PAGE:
# On Balance Volume

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On Balance Volume

When the trend of the OBV is identical to the trend of price movements, then this trend is considered strong. If, however, the OBV trend diverges from the trend of the instrument, this might be a sign that the trend is unstable.

Chart Types: Not applicable for Intraday or Tick Charts

Calculation

The On Balance Volume indicator, developed by Joe Granville, is calculated as the continuous consecutive sum of volumes, whereby the entire volume of a day is added to the volume of the previous day’s OBV, if today’s closing price is above that of yesterday. Should the closing price be below that of the previous day, the day’s volume is subtracted. Unchanged closing prices have no effect on the OBV – the volume is neither added nor subtracted.

Formula

Ct > Ct-1 --> OBVt = OBVt-1 + Vt

Ct < Ct-1 --> OBVt = OBVt-1 - Vt

Ct = Ct-1 --> OBVt = OBVt-1

OBV = On balance volume

V = Volume

Interpretation

The OBV shows in a simple manner whether capital is flowing into or out of a market and/or instrument. Based on Granville’s principle, changing trends in the price of the underlying instrument are anticipated by trend changes in the OBV. The theory is that you can see the flow of smart money into an instrument by an increase in the OBV. As soon as the public moves into the instrument, both the instrument and the OBV will surge ahead.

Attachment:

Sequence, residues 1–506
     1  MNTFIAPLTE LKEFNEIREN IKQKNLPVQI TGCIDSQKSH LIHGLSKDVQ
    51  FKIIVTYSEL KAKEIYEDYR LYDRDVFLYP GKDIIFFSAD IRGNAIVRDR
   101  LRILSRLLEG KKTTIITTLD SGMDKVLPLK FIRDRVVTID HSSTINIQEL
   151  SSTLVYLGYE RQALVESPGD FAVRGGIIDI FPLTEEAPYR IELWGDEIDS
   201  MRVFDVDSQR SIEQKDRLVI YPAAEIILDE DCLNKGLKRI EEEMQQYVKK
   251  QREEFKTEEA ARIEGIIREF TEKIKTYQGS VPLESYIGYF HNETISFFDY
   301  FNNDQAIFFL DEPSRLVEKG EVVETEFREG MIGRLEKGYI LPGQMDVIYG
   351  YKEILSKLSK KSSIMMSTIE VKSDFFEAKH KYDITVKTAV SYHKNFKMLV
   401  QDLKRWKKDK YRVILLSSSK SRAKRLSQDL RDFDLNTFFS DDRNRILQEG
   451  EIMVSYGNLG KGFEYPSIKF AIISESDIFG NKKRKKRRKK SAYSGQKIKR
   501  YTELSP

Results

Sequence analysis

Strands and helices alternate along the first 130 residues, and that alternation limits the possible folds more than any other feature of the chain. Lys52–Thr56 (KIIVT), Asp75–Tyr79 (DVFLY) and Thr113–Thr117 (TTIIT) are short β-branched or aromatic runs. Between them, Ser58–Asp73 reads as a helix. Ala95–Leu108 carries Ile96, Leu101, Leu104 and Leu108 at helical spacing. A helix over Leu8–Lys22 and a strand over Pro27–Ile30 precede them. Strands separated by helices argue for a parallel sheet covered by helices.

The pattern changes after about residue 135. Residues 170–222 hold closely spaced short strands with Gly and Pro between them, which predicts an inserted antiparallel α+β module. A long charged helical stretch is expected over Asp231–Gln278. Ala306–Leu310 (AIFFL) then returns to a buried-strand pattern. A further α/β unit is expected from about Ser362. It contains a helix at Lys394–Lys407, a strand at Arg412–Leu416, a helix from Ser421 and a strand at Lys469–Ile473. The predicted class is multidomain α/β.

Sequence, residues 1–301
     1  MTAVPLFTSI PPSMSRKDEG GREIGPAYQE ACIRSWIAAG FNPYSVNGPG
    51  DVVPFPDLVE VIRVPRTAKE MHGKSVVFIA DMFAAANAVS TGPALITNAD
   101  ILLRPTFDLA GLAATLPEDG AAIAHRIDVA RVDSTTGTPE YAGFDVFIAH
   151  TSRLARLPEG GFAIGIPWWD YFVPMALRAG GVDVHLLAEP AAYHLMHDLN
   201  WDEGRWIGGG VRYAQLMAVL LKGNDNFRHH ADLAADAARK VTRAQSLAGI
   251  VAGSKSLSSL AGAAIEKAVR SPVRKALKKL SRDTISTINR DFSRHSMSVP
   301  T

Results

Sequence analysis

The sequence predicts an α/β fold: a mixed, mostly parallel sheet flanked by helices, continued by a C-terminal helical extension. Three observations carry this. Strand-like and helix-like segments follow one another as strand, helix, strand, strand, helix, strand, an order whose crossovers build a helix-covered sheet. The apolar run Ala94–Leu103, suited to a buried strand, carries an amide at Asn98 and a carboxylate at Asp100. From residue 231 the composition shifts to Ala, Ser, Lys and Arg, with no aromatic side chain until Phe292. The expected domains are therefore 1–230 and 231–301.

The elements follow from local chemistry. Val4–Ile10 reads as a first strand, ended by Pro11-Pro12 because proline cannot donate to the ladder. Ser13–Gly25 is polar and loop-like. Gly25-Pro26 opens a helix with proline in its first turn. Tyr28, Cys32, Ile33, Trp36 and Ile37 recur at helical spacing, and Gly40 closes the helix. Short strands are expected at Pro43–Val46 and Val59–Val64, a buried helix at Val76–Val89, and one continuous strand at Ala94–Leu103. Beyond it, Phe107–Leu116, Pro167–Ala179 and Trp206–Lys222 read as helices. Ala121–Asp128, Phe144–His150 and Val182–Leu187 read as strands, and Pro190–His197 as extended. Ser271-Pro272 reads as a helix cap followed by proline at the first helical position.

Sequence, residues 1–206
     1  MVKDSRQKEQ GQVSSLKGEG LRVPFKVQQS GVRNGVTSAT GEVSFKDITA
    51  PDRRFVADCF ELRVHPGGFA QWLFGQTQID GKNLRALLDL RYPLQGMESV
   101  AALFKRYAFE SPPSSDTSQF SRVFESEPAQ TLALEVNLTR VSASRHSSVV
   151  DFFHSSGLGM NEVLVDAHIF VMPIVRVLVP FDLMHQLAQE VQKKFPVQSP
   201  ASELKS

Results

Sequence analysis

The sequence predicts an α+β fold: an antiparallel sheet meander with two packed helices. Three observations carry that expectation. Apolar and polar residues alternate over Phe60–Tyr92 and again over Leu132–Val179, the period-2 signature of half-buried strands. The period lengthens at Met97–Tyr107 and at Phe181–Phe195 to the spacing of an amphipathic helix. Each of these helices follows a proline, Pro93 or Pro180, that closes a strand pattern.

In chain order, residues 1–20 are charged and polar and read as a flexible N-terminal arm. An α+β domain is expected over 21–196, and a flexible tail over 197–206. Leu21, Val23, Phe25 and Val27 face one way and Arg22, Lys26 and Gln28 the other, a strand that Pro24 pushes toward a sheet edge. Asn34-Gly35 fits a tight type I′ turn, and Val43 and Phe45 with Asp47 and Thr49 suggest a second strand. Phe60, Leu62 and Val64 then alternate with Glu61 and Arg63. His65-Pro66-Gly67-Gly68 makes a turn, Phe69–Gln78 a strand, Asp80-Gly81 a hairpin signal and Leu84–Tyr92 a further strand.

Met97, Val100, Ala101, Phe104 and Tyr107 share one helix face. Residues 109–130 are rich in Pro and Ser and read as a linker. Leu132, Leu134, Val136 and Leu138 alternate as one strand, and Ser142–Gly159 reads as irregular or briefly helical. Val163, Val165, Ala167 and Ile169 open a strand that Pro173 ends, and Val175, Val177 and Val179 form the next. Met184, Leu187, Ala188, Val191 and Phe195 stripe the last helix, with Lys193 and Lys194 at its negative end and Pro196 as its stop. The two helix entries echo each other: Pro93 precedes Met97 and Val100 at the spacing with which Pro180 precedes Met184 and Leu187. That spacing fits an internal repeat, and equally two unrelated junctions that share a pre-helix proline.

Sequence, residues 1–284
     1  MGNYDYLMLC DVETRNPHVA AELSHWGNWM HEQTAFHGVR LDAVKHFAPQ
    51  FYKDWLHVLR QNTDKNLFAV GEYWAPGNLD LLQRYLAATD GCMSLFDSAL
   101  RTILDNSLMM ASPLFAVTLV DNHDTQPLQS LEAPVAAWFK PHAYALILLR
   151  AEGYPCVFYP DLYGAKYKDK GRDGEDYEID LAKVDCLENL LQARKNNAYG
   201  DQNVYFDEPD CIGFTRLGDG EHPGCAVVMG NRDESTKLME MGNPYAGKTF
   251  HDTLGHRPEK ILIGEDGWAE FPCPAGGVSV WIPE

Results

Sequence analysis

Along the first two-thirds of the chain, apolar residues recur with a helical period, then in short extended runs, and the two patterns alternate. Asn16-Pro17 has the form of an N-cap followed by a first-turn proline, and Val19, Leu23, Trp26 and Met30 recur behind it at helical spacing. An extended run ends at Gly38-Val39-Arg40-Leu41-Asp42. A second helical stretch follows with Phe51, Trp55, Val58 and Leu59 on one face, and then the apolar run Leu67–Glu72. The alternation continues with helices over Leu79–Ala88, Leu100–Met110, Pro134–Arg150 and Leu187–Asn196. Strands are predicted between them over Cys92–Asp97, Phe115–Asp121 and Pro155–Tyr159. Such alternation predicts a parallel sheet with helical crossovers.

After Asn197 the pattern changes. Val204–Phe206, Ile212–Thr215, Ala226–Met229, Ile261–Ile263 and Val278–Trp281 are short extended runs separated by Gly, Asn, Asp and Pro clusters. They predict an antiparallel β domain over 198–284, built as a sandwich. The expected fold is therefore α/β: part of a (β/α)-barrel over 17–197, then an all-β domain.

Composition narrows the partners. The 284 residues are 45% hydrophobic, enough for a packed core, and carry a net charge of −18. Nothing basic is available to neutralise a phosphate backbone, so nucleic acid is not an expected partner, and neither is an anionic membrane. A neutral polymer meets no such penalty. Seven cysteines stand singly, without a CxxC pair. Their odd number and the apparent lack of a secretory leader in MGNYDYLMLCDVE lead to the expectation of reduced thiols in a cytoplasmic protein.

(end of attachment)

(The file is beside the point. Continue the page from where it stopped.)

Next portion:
The OBV shows an upward trend whenever a new high or low exceeds the previous one. In the reverse case, a lower high or low indicates a downtrend. The changing in the OBV from an upward to a downward trend is called a breakout. In the OBV analysis, it is started from the assumption that OBV breakouts precede the instrument breakouts, but that there is very little time to act. This study is not a timing tool. Rather, it monitors market sentiment for you, and it can alert you to a changing situation. This alert may be used as a signal to taking a long position on upside breakouts, and selling short when the OBV makes a downside breakout. Investors usually hold the position until the trend changes.

Once a trend has been established, it remains until it is broken. This happens when a downward trend changes to an upward trend and vice versa, or when a trend changes to a choppy, sideways movement for more than three days. If an instrument changes from an uptrend to a sideways trend, and remains non-trending for two days only and then reverses to an uptrend again, the market is considered being in an uptrend as before.

The On Balance Volume indicator is not currently applicable for Intraday charts and will never be applicable for Tick charts, due to the nature of the data.

Literature

§         Granville, Joseph J. The New Commodity Trading Systems and Methods.

§         Granville, Joseph J. Granville’s New Key to Stock Market Profits.

§         Colby, Robert F., Myers, Thomas. A. The Encyclopedia of Technical Market Indicators. Dow Jones – Irwin. Homewood, IL. 1988.

§         Kaufman, Perry J. The New Commodity Trading System and Methods. 1987.